Review by GamerJM

Reviewed: 06/28/10

The best Mario since World, but not the best game this genneration

It had almost been a year since I bought my Wii. I went to GameStop, surprised that they had gotten my copy of "Super Mario Galaxy" a day early. I had already played the game's demo days before, and it was a lot more enjoyable than I had expected. After all, while I had enjoyed "Super Mario 64," and "Super Mario Sunshine," I didn't think they were the amazing games many said they were. But, as I went home and started the game up in my Wii, I was at first treated to a game that I knew I was going to have more fun with than any of the recent Mario platformers.

"Super Mario Galaxy" is a Mario platformer. Your goal is to get anywhere from 60-120 starts and eventually defeat Bowser. Obviously, it takes place in space. This is the game's primary gimmick, and it allows a lot of different tricks with gravity that defies the physics of a normal platformer. Due to this, so levels have completely different platforming physics than other levels. That's Super Mario Galaxy in a nutshell.

To start out with, the game goes back to a very linear style of gameplay. With almost every star you try to earn, there is a clearly defined end to the level. While many may oppose this, I personally found this new change of pace great. I actually never finished "64" or "Sunshine", mainly because often times, the game would point me in several different directions but I couldn't figure out which to go in. While this may be good for a game like "Grand Theft Auto IV," I just didn't think it belonged in Mario. Not to mention that nonlinear gameplay is never my play style of choice. To put it in simple words, "Super Mario Galaxy" fixes this. It goes back to the 2D style of games like "Super Mario Bros. 3," and "Super Mario World," where there is a clearly defined goal at the end of each level. I appreciate this.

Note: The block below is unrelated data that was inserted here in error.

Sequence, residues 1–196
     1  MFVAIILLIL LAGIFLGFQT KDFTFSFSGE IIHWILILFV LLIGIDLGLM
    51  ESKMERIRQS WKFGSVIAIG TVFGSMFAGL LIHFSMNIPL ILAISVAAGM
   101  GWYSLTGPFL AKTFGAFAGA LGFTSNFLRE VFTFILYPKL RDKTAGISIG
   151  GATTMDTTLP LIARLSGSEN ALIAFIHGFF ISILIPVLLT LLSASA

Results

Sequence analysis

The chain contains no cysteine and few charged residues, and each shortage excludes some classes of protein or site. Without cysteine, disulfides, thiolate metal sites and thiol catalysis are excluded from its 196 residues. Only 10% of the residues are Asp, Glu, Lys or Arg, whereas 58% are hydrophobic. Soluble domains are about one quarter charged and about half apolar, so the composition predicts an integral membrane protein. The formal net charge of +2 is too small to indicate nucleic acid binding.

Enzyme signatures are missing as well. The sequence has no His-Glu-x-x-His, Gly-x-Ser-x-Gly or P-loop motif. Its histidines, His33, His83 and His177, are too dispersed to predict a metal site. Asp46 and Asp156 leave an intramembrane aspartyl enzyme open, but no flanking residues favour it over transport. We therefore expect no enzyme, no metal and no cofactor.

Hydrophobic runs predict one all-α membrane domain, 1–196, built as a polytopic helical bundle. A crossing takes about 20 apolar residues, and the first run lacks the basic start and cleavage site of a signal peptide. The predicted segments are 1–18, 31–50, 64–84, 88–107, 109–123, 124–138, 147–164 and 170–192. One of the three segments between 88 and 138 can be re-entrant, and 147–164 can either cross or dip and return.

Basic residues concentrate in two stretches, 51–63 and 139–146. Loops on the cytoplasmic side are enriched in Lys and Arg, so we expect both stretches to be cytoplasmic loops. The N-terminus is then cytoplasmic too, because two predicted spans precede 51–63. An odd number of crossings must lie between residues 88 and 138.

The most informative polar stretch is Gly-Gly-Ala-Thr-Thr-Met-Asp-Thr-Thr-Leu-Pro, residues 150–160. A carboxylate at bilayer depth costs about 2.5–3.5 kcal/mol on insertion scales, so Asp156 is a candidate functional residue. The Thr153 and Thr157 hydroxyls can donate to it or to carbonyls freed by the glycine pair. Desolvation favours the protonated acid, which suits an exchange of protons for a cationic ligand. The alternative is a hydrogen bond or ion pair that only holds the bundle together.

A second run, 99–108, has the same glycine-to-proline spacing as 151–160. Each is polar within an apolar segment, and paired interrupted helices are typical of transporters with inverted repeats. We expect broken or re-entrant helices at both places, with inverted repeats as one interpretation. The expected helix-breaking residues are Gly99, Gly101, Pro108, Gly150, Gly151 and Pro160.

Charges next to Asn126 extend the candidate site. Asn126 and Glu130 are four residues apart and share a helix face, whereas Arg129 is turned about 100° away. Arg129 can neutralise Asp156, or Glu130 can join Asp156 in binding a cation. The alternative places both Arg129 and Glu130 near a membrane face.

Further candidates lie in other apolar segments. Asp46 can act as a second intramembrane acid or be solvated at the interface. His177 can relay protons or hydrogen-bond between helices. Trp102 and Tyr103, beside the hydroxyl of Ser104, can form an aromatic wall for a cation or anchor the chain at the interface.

Since it's a Mario game, the level design is brilliant. But in this particular game, the level design is even more brilliant than usual. I won't use too many examples since I don't want to spoil the game, but examples are really the only way to do the game justice. In one level, you have to platform across several sweet candies, all moving in challenging patterns. In a completely different level, you'll have to travel across a beautiful grassy land in a bee costume. In a different level, you'll have to win a surfing race. This is just the tip of the iceberg here. Nearly every level and goal in "Super Mario Galaxy," is amazingly varied. By the end of the game you will have been pulled through dozens of different landscapes and will have used many different power-ups.

"Super Mario Galaxy" is also a very beautiful game visually. It uses a solid art style akin to that of the other Mario games. It's a very colorful game; you won't see tons of grey here. Instead, expect there to be a rainbow of colors everywhere. But everything about the game is definitely pushing the hardware of the Wii; "Super Mario Galaxy" looks better than nearly every game on the console. Obviously, since it's a Wii game, it's not going to look as good as the best looking games on the Xbox 360 or PS3. However, I will say that if "Super Mario Galaxy" were somehow on the Xbox 360, it would probably blend in with the other games well (in terms of graphics). That being said, I still prefer the looks of "Blue Dragon," for the Xbox 360 if you're looking for a cartoony and colorful game.